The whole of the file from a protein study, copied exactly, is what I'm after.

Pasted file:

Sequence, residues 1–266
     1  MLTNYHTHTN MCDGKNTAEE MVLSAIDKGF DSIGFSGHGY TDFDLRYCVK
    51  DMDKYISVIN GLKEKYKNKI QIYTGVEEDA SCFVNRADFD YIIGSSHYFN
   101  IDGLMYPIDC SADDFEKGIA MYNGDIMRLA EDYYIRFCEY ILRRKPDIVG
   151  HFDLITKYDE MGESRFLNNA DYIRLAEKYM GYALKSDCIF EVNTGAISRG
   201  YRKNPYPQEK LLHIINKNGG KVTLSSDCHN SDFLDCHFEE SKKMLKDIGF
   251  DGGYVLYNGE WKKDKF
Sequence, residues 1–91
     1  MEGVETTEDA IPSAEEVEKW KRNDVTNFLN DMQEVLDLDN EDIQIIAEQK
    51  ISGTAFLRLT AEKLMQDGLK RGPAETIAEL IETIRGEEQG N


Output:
Sequence, residues 1–266
     1  MLTNYHTHTN MCDGKNTAEE MVLSAIDKGF DSIGFSGHGY TDFDLRYCVK
    51  DMDKYISVIN GLKEKYKNKI QIYTGVEEDA SCFVNRADFD YIIGSSHYFN
   101  IDGLMYPIDC SADDFEKGIA MYNGDIMRLA EDYYIRFCEY ILRRKPDIVG
   151  HFDLITKYDE MGESRFLNNA DYIRLAEKYM GYALKSDCIF EVNTGAISRG
   201  YRKNPYPQEK LLHIINKNGG KVTLSSDCHN SDFLDCHFEE SKKMLKDIGF
   251  DGGYVLYNGE WKKDKF
Sequence, residues 1–91
     1  MEGVETTEDA IPSAEEVEKW KRNDVTNFLN DMQEVLDLDN EDIQIIAEQK
    51  ISGTAFLRLT AEKLMQDGLK RGPAETIAEL IETIRGEEQG N